[concurrency-interest] x86 NOOP memory barriers

Vitaly Davidovich vitalyd at gmail.com
Fri Aug 2 06:46:08 EDT 2013


I'm not an authority so take this for what it's worth...

Yes, volatile loads and lazySet do not cause any cpu fence/barrier
instructions to be generated - in that sense, they're nop at the hardware
level.  However, they are also compiler barriers, which is where the "cheap
but aint free" phrase may apply.  The compiler cannot reorder these
instructions in ways that violate their documented/spec'd memory ordering
effects.  So for example, a plain store followed by lazySet cannot actually
be moved after the lazySet; whereas if you have two plain stores, the
compiler can technically reorder them as it sees fit (if we look at just
them two and disregard other surrounding code).

So, it may happen that compiler cannot do certain code motion/optimizations
due to these compiler fences and therefore you have some penalty vs using
plain load and stores.  For volatile loads, compiler cannot enregister the
value like it would with plain load, but even this may not have noticeable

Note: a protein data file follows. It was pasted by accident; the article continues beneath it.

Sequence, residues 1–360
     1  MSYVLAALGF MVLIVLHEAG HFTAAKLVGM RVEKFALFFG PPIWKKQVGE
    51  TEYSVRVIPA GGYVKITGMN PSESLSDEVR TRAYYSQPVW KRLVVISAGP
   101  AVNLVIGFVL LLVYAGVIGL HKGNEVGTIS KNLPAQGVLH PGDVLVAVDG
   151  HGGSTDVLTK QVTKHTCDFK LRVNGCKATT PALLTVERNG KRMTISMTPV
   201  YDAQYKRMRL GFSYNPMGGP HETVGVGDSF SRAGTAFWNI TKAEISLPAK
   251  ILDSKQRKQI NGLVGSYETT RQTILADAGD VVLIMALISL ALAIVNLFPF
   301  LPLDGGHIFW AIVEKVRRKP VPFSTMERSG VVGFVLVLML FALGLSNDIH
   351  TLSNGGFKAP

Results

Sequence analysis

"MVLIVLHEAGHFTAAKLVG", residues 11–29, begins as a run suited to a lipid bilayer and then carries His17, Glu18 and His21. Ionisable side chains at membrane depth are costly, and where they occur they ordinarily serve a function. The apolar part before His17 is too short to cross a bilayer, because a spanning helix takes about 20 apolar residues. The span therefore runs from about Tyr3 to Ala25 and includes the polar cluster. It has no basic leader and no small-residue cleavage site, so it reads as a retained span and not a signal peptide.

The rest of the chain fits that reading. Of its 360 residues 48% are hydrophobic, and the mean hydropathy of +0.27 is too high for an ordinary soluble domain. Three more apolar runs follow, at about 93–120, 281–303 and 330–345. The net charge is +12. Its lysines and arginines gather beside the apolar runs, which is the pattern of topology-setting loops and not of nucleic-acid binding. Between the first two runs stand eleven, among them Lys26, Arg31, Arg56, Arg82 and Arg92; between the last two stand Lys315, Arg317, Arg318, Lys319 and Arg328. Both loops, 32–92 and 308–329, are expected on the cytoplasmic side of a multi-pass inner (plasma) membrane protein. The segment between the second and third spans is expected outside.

perf diff if the data is in L1 dcache, for example.

HTH,
Vitaly

Sent from my phone
On Aug 2, 2013 5:55 AM, "Nitsan Wakart" <nitsanw at yahoo.com> wrote:

> Hi,
> For clarity's sake I'd like an official explanation for the often quoted
> "all barriers except STORE/LOAD are a no-op on x86" statement from the JMM
> cookbook.
> Can someone (of authority, so I can later say: "But Mr. Authority here
> says...") please confirm/expand on/deny that while a volatile read or an
> AtomicLong.lazySet are a CPU noop (in the sense that they are a MOV like
> any other), they are also compiler instructions. One cannot simply replace
> a lazySet with a plain write to get the same effect. They might be cheap
> but they ain't free...
> I would appreciate some more careful wording on this topic.
> Many thanks,
> Nitsan
>
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